FAYETTEVILLE -- Two men convicted of defrauding investors in a failed Elm Springs wind farm project and the development of a wind turbine that was never built were sentenced to federal prison and ordered to pay more than $1.1 million in restitution Tuesday.
Jody Douglas Davis and Phillip Vincent Ridings were charged with nine counts of wire fraud, aiding and abetting wire fraud, money laundering, and aiding and abetting money laundering. A federal jury found both men guilty on all counts Sept. 3. The jury deliberated about three hours over two days before reaching a verdict.
Both Ridings, who conceived of the wind turbine, and Davis, Dragonfly's CEO, were found guilty of conspiring to commit wire fraud. Both were also found guilty of four counts of wire fraud and aiding and abetting wire fraud.
Both men were also found guilty, jointly, of two counts of money laundering, and both were found guilty individually of another count each.
U.S. District Judge Timothy L. Brooks sentenced Ridings, 64, of North Little Rock to eight years in prison, which was the lower end of the federal sentencing guideline range. He must report to prison by April 20.
Later Tuesday, Brooks sentenced Davis, 47, of Searcy to 15 years in prison, which was an upward departure from the sentencing guidelines. Davis was immediately taken into custody by U.S. Marshals.
"You were the business guy. Your role was to con people out of their money," Brooks said. "You had to have known you were committing a horrible crime when you were sitting around splitting up the money."
Brooks ordered both men to jointly pay more than $1,138,848 in restitution but no fines.
Davis got more prison time because of his criminal history and because Brooks found him to be the more culpable of the two. Davis was still on probation for wire fraud and money laundering in Oklahoma when the wind farm scam began.
Ridings had no prior criminal history and paid more than $12,000 in restitution before sentencing.
Brooks had strong words for both men, saying neither accepted responsibility for their actions, but came down especially hard on Davis who he said not only defrauded friends but also continually took advantage of the religious faith of those he scammed. The judge called that "particularly evil."
"Part of the con was to prey on the faith of other people, and I find that particularly egregious," Brooks said. "While you were doing that, you knew it was a scam."
Davis repeatedly lied to the jury during the trial in an unsuccessful bid to con the jury, Brooks said.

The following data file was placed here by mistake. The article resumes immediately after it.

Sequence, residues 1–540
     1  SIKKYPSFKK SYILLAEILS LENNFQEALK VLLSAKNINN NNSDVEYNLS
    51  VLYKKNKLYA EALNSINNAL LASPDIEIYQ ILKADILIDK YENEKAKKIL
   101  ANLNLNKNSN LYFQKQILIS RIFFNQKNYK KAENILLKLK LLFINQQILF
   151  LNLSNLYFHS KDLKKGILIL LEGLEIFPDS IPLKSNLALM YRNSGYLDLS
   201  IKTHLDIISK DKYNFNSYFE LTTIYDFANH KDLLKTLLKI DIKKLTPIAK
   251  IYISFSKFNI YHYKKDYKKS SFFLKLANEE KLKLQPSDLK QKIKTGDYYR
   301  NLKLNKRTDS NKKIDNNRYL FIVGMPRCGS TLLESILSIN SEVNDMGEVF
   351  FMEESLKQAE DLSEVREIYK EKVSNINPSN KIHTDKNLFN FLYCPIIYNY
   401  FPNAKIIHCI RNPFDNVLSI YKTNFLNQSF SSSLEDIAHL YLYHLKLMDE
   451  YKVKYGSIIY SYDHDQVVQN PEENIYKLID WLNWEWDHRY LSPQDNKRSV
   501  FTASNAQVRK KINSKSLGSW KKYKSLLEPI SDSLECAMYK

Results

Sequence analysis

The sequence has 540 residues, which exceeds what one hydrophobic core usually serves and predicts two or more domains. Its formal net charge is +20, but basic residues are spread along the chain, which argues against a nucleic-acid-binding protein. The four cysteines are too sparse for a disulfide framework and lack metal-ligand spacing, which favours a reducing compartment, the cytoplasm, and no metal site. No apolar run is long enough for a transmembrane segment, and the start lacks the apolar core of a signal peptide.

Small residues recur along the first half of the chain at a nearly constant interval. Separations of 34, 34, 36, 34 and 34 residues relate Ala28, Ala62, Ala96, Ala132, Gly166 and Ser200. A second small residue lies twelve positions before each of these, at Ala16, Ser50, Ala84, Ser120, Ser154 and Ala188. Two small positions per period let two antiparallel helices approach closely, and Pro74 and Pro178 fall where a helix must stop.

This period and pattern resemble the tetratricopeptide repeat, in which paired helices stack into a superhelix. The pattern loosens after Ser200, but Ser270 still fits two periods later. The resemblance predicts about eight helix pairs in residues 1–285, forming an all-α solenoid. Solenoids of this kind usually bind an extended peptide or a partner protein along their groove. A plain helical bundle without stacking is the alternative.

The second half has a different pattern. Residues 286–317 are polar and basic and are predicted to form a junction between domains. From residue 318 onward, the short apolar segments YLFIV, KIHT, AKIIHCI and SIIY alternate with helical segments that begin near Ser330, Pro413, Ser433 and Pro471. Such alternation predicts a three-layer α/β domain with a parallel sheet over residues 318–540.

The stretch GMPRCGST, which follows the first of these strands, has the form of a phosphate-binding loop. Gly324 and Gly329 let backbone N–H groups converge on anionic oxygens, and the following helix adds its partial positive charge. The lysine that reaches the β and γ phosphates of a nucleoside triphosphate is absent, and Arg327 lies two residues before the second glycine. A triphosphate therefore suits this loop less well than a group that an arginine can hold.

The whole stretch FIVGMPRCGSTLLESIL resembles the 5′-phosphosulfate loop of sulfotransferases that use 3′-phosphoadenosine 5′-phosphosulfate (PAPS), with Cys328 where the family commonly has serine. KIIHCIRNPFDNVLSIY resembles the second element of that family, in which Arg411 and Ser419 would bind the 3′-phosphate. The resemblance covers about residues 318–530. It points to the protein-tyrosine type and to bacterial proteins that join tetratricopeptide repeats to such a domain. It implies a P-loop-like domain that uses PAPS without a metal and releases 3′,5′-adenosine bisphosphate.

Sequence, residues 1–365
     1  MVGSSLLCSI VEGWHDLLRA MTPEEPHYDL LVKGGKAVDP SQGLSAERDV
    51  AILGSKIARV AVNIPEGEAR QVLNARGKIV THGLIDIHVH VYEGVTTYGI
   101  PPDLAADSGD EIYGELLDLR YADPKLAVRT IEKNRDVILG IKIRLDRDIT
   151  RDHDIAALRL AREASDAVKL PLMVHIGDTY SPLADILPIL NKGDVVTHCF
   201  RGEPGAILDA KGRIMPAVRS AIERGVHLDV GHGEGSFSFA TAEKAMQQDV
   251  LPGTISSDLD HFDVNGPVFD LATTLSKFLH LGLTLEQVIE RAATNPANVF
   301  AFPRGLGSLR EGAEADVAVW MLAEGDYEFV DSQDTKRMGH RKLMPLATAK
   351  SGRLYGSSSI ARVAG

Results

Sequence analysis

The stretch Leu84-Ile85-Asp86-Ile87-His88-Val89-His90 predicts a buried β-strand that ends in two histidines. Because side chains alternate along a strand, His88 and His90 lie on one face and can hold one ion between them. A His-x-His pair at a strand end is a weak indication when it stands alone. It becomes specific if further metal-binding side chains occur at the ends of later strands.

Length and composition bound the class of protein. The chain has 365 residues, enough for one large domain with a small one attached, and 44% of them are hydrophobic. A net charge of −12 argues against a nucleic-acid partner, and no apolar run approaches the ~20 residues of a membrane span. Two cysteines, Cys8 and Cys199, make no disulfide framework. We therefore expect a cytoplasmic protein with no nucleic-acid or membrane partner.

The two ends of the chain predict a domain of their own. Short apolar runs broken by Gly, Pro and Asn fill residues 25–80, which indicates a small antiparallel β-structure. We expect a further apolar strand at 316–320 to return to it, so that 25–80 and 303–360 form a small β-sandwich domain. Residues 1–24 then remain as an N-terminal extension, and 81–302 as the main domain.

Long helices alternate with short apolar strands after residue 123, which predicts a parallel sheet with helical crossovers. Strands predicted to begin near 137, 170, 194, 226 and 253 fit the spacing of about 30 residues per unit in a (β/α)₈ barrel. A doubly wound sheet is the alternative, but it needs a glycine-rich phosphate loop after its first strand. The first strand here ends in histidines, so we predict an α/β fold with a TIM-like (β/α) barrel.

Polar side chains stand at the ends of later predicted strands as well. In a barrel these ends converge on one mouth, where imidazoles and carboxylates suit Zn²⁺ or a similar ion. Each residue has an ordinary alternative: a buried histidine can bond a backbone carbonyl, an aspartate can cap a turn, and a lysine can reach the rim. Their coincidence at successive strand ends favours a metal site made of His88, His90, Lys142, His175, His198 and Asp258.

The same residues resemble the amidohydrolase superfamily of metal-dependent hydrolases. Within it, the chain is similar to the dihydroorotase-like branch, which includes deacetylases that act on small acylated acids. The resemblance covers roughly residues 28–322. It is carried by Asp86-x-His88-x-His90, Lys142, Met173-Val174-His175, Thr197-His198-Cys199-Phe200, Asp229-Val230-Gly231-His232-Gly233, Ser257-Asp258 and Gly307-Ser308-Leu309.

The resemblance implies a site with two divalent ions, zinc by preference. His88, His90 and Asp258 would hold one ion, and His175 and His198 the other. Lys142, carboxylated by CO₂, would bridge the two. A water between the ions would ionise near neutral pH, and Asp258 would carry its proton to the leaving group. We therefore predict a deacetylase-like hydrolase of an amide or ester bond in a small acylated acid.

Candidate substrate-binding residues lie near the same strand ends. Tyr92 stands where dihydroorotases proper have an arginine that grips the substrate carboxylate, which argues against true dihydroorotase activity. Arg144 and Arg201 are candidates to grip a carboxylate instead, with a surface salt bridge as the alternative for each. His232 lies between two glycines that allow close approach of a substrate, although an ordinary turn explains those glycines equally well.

"You and I both know you took an oath and you lied," Brooks said. "You're a con man's con man. That's just who you are."
Brooks repeatedly scolded Ridings for apparently still believing his wind turbine would work with a little more time and money.
"Mr. Ridings, you seem to be driven by something that makes you believe you can defy the laws of physics," Brooks said. "The way you led on investors, you may still be planning to pursue this idea and raise money off of it, from what I've seen here today."
Brooks noted the scam lasted at least five years and there were 14 victims.
"You got people to part with their hard-earned money while you were playing inventor with a con man," Brooks told Ridings. "You can't lie to people and take their money."
Brooks said Ridings took his cut as money came through the door.
"You were getting thousands of dollars and you were just divvying it up," Brooks said. "You made a fool of all these people."
A federal grand jury in 2019 handed down a nine-count indictment against Davis and Ridings.
Davis and Ridings intentionally misled investors in the wind farm project about the financial viability of the project and potential returns on investment, according to the indictment.
Specifically, they told investors they developed cutting-edge wind turbine technology, a prototype was being developed, companies were lining up to buy it and a $10 million federal grant was imminent, the indictment says.
None of it was true.
"Mr. Davis and Mr. Ridings callously defrauded members of our community through a fictional investment opportunity," said James A. Dawson, FBI Little Rock special agent in charge. "Even after being federally indicted, these men continued to advance their criminal scheme through blatant falsehoods and deceit. Today's sentencings send a clear message to other fraudsters: preying upon our Arkansas communities will not stand."
A third man, Cody Fell, who is Davis' brother-in-law and worked at Dragonfly for a time, pleaded guilty to federal wire-fraud and tax-evasion charges in December 2018. Fell agreed to cooperate with the government and testified he was given more than $100,000 of investors' money by Davis and Ridings.
Brooks sentenced Fell in September to 10 months in federal prison, followed by three years of supervised release and ordered Fell to pay $422,330 restitution.
Fell was also ordered to pay the IRS restitution of $30,185 and was ordered to file proper income tax returns in the future.
Federal sentencing guidelines
Guidelines are nonbinding rules setting out a uniform sentencing policy for defendants convicted in the United States federal court system that became effective in 1987. The guidelines determine sentences based primarily on two factors, the conduct associated with the offense which produces the offense level and the defendant’s criminal history.
Source: NWA Democrat-Gazette